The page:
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Class Action Lawsuits

Class action lawsuits that involve personal injury are usually are usually brought forward in large-scale product liability cases. Other class action lawsuits have been brought against companies for certain business practices such as "after hours trading" by mutual funds companies that involve financial loss and fraud.

 

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A large number of individual, yet similar lawsuits brought against the same defendant will most often be grouped into a single class action lawsuit in an effort to find a singular remedy for multiple parties.

One of the advantages of class action lawsuits over hundreds, thousands or millions of individual lawsuits is that a singular class action lawsuit will unclog the courts that may be overwhelmed by individual cases. Another advantage is that a singular cohesive verdict may be given rather than many dissimilar verdicts that vary because of dissimilarity of laws between states.

Commonly, class action lawsuits are initiated in one state and then move into the federal court system at the request of the defendant. This is an advantage to the defendant since state courts are seen to favor plaintiffs while federal courts are more often seen to favor the defendants.

Because of the Class Action Fairness Act of 2005, pushed through by the Republican majority as a part of tort reform, large-scale class actions in excess of $5 million are generally moved to the federal courts as long as more than 1/3 of the plaintiffs reside in a state outside the state in which the lawsuit was initiated. The aim of the Class Action Fairness Act of 2005 was to reduce excessive verdicts and reduce attorneys' fees that were also seen as excessive, in light of the services offered in the class action cases.

According to the Federal Rules of Civil Procedure, a class action must have six components:

1. The class must be large enough and separate lawsuits would be unwieldy
2. The class has factual or legal claims in common
3. The claims are common among the group
4. The representative attorney must protect the interests of the class
5. The issues common to the plaintiffs and defendant/s will dominate the proceedings
6. The class action as presented will be a superior vehicle to any other legal avenue for all involved

When a class action lawsuit is filed, it is submitted on behalf of the named plaintiffs including a putative class. The term "putative" simply means the known or reported group or class. This class must be a large group who has suffered a common wrong from a common source. Once the complaint is filed, the plaintiff needs to have the class certified by the courts.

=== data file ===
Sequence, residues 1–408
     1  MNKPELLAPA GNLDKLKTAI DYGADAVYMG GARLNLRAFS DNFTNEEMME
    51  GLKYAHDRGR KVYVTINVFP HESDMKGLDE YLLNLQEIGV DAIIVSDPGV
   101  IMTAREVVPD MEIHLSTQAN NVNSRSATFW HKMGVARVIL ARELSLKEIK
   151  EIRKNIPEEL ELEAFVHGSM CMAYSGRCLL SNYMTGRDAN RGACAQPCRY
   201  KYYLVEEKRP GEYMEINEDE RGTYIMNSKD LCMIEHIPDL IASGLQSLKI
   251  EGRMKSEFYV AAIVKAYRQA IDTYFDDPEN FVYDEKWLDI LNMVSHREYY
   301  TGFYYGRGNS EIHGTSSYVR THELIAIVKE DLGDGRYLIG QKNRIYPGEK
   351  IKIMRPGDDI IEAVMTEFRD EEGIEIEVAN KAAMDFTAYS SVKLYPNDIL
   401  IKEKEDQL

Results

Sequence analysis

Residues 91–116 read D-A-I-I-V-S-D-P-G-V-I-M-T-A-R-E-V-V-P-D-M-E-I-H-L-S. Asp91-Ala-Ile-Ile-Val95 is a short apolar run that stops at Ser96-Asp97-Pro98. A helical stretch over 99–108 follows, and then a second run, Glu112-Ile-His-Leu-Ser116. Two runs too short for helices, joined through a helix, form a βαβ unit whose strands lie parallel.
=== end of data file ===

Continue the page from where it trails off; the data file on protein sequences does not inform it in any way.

The defendant may argue that the class is not representative or cohesive, the law firm handling the case is not well suited to represent the class or that the case should not be handled as a class action at all. As part of due process the court will have notices of the class action sent out to an expanded list of potential class action members. These notices usually give the potential members of the class an opportunity to opt out of the class action within a limited time-frame. Those who are thinking of bringing forth their own individual lawsuits may wish to opt-out in favor of an individual court proceeding. Settlement offers may also be sent out to members of the class outlining the terms of the settlement and the plaintiff's attorneys' fees.

High-Profile Class Action Lawsuits

The Exxon Valdez disaster of 1989, in which 11 million gallons of crude oil was spilled into Prince William Sound in Alaska resulted in 1,300 miles of beaches being fouled and tens of thousands of coastal animals being killed. In 1994, a class action jury awarded the plaintiff class $5 billion in punitive damages. The class was made up of 32,000 fishermen, landowners and Alaska natives who livelihoods were adversely affected by the disaster.

In August 2000, Firestone / Bridgestone recalled 6.5 million tires that were related to rollover crashes of Ford Explorer SUVs and other vehicles. In March 2004 a Texas judge approved a class action settlement of $149 million covering the estimated 10 - 15 million in the class. The verdict did not, however, cover those who were bringing individual lawsuits for damages in rollover cases.

In May 1994, the Engle v. Philip Morris tobacco lawsuit was filed on behalf of a class of smokers in Florida who had been adversely affected by cigarettes with tobacco-related diseases (approximately 500,000 class members). In July 2000, the jury award $145 billion in punitive damages. In July 2006, the verdict was struck down by the Florida Supreme Court.

 

 

 

 

 

 

 

 

 

 


 

 


 

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